VALIDITY OF A WILL
A Will or Testament is a legal document by which a person, the testator, expresses their wishes as to how their property is to be distributed at death, and names one or more persons called the executor, to manage the estate until its final distribution. In a layman’s language, it is simply a legal document in which you, the testator, declare who will manage your estate after you die. It helps a person determine what happens to his properties/estate after his death; it also helps him to give any instructions he may wish to be carried out if he is no longer alive. Apart from deciding who gets your assets, a Will can also serve to declare who you wish to become the guardian for any minor children or dependents.
In Nigeria, a will could either be oral or written, oral wills being wills made by word of mouth are recognised under our customary or indigenous laws while written wills are governed by law and statutes. An oral will, which is also called a nuncupative or deathbed will, is a will that is spoken to witnesses, but not written. Such wills are valid only in a few states and only in very limited and unusual circumstances. In this report, we will focus on written wills.
THE VALIDITY OF A WILL
In preparing a will, a testator (person making his will) must have capacity to do so, meaning he must be of legal age (above 18yrs) and have mental capacity (he must be of sound mind). Furthermore, for a will to be valid it must be;
· It must be made voluntarily
· It must be in writing (either typed or hand written)
· It must be signed by the testator
· The signature of the testator must be acknowledged by at least 2 witnesses (it is advised that a beneficiary to a will must not act as a witness to the will).
· The testator must be of sound mind
· It must name the beneficiary or beneficiaries
· It must identify the property.
In the probate courts today, there are many parties in legal battles contesting the provisions of a will and the court is likely to set aside a will if there is conclusive proof that the testator did not have the mental capacity to understand what he was doing at the time the will was made or if the testator was unduly influenced to dispose of his properties as he did in the will.
A person who dies without making a will is described as a person who ‘died intestate’, and in such situations, certain members of the family shall apply to the probate registry of the High Court to be granted letters of administration of the deceased’s estate.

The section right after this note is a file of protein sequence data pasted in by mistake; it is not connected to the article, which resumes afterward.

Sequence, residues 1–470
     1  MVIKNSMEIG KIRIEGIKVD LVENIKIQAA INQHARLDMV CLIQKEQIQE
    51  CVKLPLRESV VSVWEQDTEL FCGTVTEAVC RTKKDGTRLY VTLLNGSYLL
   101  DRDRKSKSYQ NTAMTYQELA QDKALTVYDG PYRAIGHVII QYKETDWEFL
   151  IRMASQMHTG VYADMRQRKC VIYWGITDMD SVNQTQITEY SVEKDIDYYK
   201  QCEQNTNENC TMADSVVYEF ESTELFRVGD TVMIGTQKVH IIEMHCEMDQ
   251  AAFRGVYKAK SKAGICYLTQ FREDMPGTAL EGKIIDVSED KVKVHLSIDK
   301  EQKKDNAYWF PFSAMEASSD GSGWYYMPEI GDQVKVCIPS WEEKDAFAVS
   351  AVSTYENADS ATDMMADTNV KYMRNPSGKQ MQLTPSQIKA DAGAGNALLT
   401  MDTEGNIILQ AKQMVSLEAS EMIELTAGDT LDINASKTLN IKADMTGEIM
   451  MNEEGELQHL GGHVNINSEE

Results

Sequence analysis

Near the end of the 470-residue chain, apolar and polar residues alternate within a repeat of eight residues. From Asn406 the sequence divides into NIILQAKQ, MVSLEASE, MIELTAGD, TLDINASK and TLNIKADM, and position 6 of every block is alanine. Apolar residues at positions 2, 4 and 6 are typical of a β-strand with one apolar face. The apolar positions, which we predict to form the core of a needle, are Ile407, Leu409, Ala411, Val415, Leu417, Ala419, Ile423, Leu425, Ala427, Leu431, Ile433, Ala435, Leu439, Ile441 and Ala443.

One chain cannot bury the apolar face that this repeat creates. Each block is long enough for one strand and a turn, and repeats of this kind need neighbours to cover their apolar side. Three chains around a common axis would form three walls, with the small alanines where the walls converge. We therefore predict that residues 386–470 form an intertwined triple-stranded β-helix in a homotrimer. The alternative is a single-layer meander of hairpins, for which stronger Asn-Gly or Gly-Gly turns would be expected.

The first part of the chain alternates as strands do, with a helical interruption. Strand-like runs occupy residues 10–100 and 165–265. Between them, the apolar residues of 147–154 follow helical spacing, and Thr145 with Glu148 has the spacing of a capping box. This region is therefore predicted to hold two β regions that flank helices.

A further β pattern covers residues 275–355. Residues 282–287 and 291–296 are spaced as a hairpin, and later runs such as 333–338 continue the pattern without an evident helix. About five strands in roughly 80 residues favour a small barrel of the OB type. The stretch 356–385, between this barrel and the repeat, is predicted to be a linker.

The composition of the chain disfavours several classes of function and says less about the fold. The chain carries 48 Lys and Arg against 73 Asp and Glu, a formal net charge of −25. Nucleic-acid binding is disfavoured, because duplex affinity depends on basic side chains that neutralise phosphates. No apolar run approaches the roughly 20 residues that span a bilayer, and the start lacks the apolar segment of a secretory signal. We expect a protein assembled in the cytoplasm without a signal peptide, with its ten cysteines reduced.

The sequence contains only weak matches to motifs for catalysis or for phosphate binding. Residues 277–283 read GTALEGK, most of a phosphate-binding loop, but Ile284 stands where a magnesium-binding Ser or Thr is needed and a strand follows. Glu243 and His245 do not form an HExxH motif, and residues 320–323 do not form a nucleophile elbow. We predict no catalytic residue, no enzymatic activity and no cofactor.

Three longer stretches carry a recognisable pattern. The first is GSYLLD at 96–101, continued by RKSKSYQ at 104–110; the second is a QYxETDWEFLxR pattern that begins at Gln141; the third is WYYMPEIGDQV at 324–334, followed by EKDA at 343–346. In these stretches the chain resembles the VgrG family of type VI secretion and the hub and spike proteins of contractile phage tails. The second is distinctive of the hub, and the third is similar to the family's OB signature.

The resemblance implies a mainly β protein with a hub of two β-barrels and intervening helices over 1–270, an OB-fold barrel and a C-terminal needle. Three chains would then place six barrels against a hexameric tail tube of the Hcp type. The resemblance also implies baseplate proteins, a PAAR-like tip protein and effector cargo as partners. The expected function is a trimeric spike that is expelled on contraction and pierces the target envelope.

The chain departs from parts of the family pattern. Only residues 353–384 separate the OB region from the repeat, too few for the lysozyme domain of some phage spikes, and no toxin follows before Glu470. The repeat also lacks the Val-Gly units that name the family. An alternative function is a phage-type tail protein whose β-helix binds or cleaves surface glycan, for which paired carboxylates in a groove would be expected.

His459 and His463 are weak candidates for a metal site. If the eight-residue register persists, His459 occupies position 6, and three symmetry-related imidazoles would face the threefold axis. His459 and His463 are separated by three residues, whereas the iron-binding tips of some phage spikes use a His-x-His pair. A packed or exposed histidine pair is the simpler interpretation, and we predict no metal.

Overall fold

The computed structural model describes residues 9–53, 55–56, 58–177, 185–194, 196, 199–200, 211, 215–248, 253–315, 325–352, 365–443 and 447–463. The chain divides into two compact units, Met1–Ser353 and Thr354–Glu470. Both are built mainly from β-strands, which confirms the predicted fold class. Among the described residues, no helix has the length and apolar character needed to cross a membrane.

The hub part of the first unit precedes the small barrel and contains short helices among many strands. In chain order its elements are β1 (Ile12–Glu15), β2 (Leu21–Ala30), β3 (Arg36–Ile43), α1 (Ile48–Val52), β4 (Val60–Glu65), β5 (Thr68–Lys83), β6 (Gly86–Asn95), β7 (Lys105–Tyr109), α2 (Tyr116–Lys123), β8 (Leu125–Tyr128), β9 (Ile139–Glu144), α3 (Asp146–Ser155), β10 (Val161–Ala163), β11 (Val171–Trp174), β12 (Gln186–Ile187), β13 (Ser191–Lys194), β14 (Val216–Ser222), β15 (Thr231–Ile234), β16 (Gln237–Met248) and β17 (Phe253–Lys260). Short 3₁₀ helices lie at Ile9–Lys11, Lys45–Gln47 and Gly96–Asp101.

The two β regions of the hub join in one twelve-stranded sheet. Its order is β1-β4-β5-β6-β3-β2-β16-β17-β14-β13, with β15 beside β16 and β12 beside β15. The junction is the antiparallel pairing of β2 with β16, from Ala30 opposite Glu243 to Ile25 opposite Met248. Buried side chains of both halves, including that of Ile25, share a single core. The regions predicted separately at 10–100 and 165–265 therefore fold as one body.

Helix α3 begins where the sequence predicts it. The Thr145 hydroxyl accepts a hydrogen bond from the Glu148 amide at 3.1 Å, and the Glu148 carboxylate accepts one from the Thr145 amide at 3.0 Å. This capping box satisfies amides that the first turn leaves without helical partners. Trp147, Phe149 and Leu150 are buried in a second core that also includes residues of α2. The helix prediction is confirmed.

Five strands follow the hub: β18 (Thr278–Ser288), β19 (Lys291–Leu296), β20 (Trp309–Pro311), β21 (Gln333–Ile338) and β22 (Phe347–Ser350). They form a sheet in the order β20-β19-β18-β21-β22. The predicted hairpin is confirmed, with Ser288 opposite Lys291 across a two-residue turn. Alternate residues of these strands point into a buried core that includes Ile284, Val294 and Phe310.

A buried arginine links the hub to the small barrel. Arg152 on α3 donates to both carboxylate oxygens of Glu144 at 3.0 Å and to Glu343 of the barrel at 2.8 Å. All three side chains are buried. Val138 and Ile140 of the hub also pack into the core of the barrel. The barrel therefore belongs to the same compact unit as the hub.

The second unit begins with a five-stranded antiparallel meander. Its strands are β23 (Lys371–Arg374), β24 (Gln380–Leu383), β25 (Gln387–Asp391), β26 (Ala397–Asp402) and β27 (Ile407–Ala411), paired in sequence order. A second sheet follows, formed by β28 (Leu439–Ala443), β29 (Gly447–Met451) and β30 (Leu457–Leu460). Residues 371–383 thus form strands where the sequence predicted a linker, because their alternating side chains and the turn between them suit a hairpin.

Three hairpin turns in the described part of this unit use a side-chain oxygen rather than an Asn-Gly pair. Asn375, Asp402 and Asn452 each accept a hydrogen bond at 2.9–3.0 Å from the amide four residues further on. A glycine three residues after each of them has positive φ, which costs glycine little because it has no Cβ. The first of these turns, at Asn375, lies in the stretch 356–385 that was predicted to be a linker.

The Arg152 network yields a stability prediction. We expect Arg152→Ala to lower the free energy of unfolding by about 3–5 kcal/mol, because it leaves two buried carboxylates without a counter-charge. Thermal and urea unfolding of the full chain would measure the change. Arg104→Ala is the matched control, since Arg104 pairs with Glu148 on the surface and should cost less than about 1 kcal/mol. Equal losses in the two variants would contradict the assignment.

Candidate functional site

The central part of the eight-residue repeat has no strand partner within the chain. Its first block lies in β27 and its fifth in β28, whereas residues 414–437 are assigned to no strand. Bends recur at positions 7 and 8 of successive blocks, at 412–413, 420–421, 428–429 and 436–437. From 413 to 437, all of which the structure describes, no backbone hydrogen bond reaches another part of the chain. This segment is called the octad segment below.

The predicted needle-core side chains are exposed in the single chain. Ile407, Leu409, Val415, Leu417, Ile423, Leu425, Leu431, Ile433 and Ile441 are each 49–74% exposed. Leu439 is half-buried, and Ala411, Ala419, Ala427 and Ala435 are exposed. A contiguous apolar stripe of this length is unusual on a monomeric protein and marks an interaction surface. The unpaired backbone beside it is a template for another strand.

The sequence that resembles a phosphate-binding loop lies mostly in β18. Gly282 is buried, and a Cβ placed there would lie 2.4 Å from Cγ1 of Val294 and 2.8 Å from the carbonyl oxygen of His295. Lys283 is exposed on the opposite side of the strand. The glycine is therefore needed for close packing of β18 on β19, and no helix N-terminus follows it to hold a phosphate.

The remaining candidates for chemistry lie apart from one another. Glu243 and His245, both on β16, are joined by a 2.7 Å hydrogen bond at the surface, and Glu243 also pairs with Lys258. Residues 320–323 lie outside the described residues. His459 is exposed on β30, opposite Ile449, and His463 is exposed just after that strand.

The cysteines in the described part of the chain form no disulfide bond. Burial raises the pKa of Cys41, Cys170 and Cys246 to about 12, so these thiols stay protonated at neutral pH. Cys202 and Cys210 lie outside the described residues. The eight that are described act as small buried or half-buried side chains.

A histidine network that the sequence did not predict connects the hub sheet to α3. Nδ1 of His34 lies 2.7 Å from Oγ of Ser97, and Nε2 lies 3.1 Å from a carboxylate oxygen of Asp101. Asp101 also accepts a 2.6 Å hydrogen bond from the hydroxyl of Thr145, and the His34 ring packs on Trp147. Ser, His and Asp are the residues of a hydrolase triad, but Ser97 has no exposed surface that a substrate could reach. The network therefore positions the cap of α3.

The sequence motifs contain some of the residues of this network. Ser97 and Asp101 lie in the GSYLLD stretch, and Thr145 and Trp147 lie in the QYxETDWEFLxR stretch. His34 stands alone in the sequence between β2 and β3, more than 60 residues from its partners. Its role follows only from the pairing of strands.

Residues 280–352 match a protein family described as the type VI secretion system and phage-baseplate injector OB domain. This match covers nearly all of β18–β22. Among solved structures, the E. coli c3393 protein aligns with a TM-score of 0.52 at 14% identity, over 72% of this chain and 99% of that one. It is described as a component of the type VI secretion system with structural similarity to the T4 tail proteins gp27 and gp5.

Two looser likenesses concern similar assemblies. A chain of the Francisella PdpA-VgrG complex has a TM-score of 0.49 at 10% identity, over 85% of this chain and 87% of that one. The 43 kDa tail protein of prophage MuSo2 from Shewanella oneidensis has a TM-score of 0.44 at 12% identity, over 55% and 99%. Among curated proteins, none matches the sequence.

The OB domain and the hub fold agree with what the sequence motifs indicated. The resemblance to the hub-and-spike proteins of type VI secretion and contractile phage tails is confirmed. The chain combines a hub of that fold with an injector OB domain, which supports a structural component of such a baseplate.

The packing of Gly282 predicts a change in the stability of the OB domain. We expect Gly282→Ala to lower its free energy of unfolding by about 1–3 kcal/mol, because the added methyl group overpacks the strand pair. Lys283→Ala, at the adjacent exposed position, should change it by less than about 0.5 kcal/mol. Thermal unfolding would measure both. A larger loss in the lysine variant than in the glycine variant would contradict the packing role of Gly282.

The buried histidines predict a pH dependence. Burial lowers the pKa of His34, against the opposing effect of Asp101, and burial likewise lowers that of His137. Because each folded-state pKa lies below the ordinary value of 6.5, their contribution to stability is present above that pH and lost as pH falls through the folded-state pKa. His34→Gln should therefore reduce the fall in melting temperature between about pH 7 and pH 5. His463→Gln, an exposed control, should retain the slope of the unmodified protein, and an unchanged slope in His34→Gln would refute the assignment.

On this note, if a will is not valid under the Nigeria Legal System, the legal implication is that the person dies without making a will, and the family member have to approach the probate registry for letter of administration( this is applicable in most cases). Will validity might be proof in court; in this case the court will look into the fact surrounding the making of such will and might declare such will valid.
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SHARING OF PROPERTY AFTER DIVORCE IN NIGERIA.
Sharing of property after divorce in Nigeria also regarded as settlement of property is the transfer of property of a party that may be jointly owned to the other spouse. This usually comes as an ancillary relief granted during divorce proceedings. Settlement of property must be contained in a divorce petition or answer and should not be an afterthought.
The power of the court to share the properties for the benefit of either of the spouse is contained in the Matrimonial Causes Act 1970 which provides as follows;
“in proceedings under this decree, by order require the parties to the marriage, or either of them to make for the benefit of all or any of the parties to and the children of the marriage such settlement of property to which the parties: or either of them is entitled (whether in possession or reversion) as the court considers just and equitable in the circumstances of the cases”
This legislation obviously empowers the judge who hears the divorce petition, to decide how property owned by the parties or either one of the parties is to be shared. This discretion must however be exercised in a way that is ‘just and equitable’.
Due to the plurality of Nigeria Legal System, there are different legal principles guiding settlement of properties under different forms of marriage i.e. under the customary law and under statutory provision (marriage under the Act)
SETTLEMENT OF PROPERTIES UNDER CUSTOMARY MARRIAGE.
Under the customary law, both the man and the woman can acquire property either before or during the marriage. The woman is not barred from holding or acquiring her own property. Also when the man acquires a property, he has sole interest or right over the property. When a marriage under the customary law is been dissolved, the woman has no right to claim for settlement of property even if she contributes to the acquisition of such property. She cannot through a court order compel her husband share the property with her.